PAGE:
How Low-Tech Compliance Hits Competitiveness

Thomas Imhof Apiax Regulatory Engineer Zurich 29 March 2021

How Low-Tech Compliance Hits Competitiveness

It is becoming increasingly apparent how costly a low-tech approach to compliance management can be – and in many senses. Thomas Imhof, Regulatory Engineer at Apiax, explains how firms are turbocharging their competitiveness through cutting-edge regtech tools.

Those in the financial services sector will know that regulation comes at staggering costs. So much so, that it has been estimated that compliance eats up 6 to 10 per cent [i] of revenues for half of banks.

“Throwing people at the problem” is a time-honored means of coping with compliance complexity. Yet it is an increasingly unsustainable one, not least because the magnitude of change (and risk) has rightly elevated the status and therefore compensation of compliance professionals. In developed markets, even entry-level compliance managers can command annual salaries touching $110,000 [ii]. Such is demand, that experts can expect a leap of 8 per cent for accepting a new role [iii].

The bottom line is also hit hard in more hidden ways, particularly when firms are maintaining compliance across multiple jurisdictions. A low-tech approach invariably means too much of the burden is borne by client-facing and investment management personnel, with them having to attend compliance training and interpreting internal policies and manuals. This time could clearly be spent in far more profitable ways.

Even more under appreciated, and arguably most damaging of all, is how much compliance complexity constrains the competitiveness of institutions on the world stage - and by extension their client advisors.

Rich seams unmined 
Our Staying compliant across borders study makes this crystal clear. In a global world with increasingly mobile clients, cross-border compliance is an almost universal concern, and obviously even more so for serious players in the wealth management space. Of the 43 major financial institutions we surveyed, 93 per cent provide services and products in multiple countries; 51 per cent are dealing with over 20.

But these seemingly buccaneering figures obscure what we see as a real limitation (or perhaps more accurately self-limitation) of firms’ ambitions. Although 55 per cent of firms actively market their cross-border services, only 45 per cent offer them passively. Strikingly, over a third (36 per cent) of the most globalized firms offer all their cross-border services only on a reverse-solicitation basis. Rich seams are being left unmined.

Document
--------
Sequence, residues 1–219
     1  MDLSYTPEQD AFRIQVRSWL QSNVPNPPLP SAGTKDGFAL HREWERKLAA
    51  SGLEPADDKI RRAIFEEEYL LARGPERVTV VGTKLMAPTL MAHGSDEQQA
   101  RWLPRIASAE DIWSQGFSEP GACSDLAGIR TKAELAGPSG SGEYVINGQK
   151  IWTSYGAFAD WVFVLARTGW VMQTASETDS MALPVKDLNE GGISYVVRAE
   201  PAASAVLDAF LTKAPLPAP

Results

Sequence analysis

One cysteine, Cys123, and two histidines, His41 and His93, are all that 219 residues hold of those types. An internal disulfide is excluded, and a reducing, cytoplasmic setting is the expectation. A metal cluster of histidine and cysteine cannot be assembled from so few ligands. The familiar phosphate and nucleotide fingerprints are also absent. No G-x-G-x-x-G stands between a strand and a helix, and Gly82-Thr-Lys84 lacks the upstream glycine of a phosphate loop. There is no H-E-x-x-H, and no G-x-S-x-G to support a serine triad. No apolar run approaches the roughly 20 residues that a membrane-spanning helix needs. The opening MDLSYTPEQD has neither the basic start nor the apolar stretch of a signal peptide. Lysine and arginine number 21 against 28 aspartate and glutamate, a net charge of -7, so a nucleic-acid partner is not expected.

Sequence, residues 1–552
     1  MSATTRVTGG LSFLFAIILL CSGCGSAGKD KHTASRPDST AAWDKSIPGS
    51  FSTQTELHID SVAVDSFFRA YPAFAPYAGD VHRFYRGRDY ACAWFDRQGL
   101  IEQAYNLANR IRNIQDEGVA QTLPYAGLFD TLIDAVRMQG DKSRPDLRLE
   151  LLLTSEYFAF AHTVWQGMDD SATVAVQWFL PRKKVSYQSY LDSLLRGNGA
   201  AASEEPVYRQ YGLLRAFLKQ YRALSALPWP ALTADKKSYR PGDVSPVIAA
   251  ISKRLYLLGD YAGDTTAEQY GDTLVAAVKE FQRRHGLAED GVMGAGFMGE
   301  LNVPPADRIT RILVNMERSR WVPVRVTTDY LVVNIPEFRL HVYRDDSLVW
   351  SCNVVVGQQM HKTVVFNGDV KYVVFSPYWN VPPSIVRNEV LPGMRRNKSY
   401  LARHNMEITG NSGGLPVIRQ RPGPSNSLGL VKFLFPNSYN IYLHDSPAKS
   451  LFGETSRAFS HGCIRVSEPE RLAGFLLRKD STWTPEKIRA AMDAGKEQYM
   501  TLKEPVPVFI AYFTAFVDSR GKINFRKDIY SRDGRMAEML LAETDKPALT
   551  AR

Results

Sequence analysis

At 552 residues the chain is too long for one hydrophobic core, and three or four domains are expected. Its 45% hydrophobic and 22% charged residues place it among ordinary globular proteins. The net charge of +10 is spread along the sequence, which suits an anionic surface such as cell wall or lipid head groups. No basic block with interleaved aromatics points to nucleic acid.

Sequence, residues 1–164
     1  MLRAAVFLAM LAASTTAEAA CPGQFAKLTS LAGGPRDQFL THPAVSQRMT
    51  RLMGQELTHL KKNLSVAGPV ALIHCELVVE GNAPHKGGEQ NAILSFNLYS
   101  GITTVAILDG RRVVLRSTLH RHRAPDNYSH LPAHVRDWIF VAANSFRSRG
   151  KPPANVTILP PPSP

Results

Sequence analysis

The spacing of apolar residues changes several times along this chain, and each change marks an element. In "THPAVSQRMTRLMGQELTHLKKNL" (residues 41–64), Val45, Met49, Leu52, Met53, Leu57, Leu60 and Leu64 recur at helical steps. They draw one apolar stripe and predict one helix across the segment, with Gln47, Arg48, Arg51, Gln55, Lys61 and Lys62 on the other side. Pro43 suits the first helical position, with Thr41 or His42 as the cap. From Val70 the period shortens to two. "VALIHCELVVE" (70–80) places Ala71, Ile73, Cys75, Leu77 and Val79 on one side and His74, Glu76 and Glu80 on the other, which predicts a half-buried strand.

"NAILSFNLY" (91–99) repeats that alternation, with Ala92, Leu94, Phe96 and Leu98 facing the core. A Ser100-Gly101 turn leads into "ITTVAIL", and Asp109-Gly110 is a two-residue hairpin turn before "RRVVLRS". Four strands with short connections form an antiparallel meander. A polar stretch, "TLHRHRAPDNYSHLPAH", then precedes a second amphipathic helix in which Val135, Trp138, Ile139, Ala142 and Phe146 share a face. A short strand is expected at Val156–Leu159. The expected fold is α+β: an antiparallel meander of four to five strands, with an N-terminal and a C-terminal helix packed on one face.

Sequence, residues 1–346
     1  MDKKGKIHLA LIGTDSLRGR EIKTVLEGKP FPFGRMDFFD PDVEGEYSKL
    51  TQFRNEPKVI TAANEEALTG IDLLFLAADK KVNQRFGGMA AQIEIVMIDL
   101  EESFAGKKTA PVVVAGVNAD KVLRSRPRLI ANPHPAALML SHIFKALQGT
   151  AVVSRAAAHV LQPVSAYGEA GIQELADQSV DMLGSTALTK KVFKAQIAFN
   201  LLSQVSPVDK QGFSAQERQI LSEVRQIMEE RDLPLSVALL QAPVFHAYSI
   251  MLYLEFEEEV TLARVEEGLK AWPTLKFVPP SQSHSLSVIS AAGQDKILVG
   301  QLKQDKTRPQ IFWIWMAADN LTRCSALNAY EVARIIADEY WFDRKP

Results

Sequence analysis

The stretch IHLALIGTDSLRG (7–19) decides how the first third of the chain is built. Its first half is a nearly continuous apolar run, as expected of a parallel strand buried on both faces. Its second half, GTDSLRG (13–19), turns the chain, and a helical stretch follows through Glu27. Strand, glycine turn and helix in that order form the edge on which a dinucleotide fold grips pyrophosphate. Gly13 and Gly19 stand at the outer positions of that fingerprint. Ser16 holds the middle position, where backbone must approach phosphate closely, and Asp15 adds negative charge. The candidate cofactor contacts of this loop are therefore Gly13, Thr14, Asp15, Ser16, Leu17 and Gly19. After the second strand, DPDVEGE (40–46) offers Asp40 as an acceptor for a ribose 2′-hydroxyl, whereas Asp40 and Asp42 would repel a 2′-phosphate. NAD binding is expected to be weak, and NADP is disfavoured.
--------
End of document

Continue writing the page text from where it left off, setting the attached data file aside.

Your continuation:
You might say that client-centric firms will do their utmost to deliver if asked. Otherwise, they may often conclude that actively pursuing certain services and cross-border products is more trouble than it is worth. We know that rising complexity frequently deters institutions from pursuing lucrative markets. It also involves agonizing decisions to pull out of them.

Endless puzzling   
As compliance management practises currently stand, it is easy to see why.

Over a third of firms admit that they struggle to provide clear dos and don’ts, leaving many to simply “puzzle it out” from reams of internal and external resources. Worse, and quite incredibly for the year 2021, client advisors at three-quarters of firms are still having to pore over paper-based cross-border manuals to know what they can offer.

Burying advisors in a veritable library of books (or PDFs, which are little better) when they should be nurturing client relationships is clearly a misuse of their very expensive time. You could certainly say the same for the 40 per cent of investment teams who have to monitor country-specific restrictions at the investment product level.

Clearly, few areas of the business will be untouched by the constant challenge of unpicking interlinkages between an entity's license framework, regulatory requirements and country-specific offering exemptions. Compliance training, monitoring, maintaining cross-border manuals and the approval processes for advisors’ (hopefully soon to be reinstated) travels are absolutely in the fray. So too are marketing and all the other business activities impacted by country-specific regulations, for which read virtually all.

Neither easy nor cheap